The CBT Motorsport 1964 Ford Falcon finally made its maiden track appearance at the Silverstone Classic weekend 29-31 July. Organised by The Masters Historic Racing Club, the race meeting couldn’t have offered a higher profile for a race debut. The Mike Jordan-built Falcon would compete in the Big Engine Saloon Car race for pre-1966 Touring Cars and was up against a grid of nearly 40 classic saloon cars.
Steve Wood and Stuart Scott decided to test the car on the Thursday, before qualifying got under way on Friday, to iron out any possible teething issues. The car ran faultlessly during the two 30-minute sessions and even the wet conditions in the afternoon did not dampen the spirits of the team.
Qualifying took place at 1820 on Friday over a 30-minute period. Rain was forecast at some stage during qualifying so it was important to get out early and set a time before it arrived. The Jordan Racing Team crew had the Ford Falcon first into the assembly area and would be first out onto the track for qualifying. Steve was on driving duty for the weekend in the CBT American muscle car, facing some very serious competition. Mike Jordan was on BTCC duties at Snetterton over the weekend but text messages of support and technical set up were really appreciated by the team.
For the first few laps Steve dialled himself in for the task ahead. Even on the 3.63-mile Grand Prix circuit it would be critical to find space with 40 other cars all going for their perfect lap. Lap six saw the CBT Falcon record its best lap time of 2m 35.5s, which would be good enough for 13th overall and 10th in class. Steve was very aware of the quality of the competition and was delighted with 13th place on the grid with more still to come from himself and the Falcon. Ahead of Steve and, as on most Masters touring car grids, were stars like Leo Voyazides, Chris Beighton, Jason Minshaw, Robert Huff and Roger Wills. Steve and the CBT Falcon far from disgraced themselves and were looking forward to the race ahead on Sunday.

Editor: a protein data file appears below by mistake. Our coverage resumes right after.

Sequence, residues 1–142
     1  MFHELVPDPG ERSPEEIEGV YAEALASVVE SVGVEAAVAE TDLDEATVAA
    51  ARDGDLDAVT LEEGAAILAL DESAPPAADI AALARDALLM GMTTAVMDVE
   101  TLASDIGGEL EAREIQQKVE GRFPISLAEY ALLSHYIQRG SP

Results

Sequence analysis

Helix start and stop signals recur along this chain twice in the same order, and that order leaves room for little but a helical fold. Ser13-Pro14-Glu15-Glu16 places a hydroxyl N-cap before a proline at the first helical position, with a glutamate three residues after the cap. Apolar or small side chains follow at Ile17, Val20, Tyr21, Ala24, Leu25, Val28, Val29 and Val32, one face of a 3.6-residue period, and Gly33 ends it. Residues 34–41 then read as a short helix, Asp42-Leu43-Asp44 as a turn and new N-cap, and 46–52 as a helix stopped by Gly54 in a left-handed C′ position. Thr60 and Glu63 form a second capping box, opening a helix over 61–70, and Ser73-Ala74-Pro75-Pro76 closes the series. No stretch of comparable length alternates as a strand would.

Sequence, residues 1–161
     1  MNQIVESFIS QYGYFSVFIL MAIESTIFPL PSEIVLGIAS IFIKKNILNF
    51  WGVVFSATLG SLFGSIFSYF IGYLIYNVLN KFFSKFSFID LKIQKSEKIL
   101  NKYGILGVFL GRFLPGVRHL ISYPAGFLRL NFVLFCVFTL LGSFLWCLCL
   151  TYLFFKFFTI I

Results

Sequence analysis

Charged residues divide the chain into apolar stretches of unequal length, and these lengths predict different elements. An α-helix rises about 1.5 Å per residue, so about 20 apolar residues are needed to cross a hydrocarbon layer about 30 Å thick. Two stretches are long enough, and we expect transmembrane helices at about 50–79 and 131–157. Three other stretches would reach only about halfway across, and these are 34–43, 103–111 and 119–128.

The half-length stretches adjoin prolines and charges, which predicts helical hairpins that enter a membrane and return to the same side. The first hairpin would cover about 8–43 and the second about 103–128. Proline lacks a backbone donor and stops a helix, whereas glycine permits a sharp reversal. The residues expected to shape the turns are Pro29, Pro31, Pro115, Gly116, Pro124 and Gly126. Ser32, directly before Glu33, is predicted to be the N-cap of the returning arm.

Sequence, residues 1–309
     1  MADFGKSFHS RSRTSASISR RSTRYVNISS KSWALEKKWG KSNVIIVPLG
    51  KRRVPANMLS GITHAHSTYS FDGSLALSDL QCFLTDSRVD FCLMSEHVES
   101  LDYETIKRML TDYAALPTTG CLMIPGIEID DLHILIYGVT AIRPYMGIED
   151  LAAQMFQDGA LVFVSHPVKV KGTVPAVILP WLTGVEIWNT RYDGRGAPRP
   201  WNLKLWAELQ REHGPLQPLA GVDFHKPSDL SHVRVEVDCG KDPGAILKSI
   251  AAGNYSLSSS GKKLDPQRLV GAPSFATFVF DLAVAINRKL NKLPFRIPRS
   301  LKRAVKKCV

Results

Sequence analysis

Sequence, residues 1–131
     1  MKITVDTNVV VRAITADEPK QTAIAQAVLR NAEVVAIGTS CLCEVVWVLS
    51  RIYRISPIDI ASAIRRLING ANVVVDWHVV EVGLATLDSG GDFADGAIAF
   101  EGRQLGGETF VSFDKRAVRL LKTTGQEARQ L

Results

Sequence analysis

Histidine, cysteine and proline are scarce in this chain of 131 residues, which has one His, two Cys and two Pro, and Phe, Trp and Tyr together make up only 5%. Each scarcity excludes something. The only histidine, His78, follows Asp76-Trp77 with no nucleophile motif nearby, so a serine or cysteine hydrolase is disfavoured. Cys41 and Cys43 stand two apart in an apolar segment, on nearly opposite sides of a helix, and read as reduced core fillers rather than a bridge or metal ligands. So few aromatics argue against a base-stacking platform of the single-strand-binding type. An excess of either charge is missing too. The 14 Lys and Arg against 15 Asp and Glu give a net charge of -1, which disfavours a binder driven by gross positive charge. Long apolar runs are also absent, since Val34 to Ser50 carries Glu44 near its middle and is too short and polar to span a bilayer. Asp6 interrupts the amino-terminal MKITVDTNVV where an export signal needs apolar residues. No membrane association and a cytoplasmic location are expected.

The 40-minute race would feature a rolling start and there was to be a one-minute mandatory pit stop to be taken between the 15th and 30th minute. The massive thundering grid took position behind the safety car and once the safety car pitted and the lights went out the race was on. Steve made a brilliant start which saw the CBT Falcon up to a very impressive ninth overall after the first lap.
Another place was gained on the following lap but then, on lap three, the Falcon’s rear bumper started to flap and was deemed dangerous by the race stewards. Steve was shown the black and white warning flag and had to pit immediately. The bumper was soon taped on securely but a lot of time and positions had been lost with the unscheduled pit stop; the CBT Falcon had dropped to 30th position. If Steve had been shown the warning flag a lap later then he could have made his mandatory pit stop at the same time as getting the bumper secured.
Steve battled his way back up to 25th but on lap eight the CBT Falcon made its scheduled stop and unfortunately more race positions were lost. At the end of 40 minutes racing the CBT crossed the finish line in a very respectable 19th overall and 10th in class. Steve’s fastest race lap was 2m 37.01s, which was quicker than nine of the cars that finished ahead of him on the road. The race was won by Craig Davies in a Ford Mustang followed by Roger Wills (Mercury Comet) and with Chris Beighton (Mustang) taking the final podium position.
The CBT Falcon definitely had the pace for a top-10 finish overall and both Steve and Stuart were delighted with its maiden performance. “The competition was of such a high standard that a top-10 result would have felt like a race win,” said a slightly disappointed Steve after the race.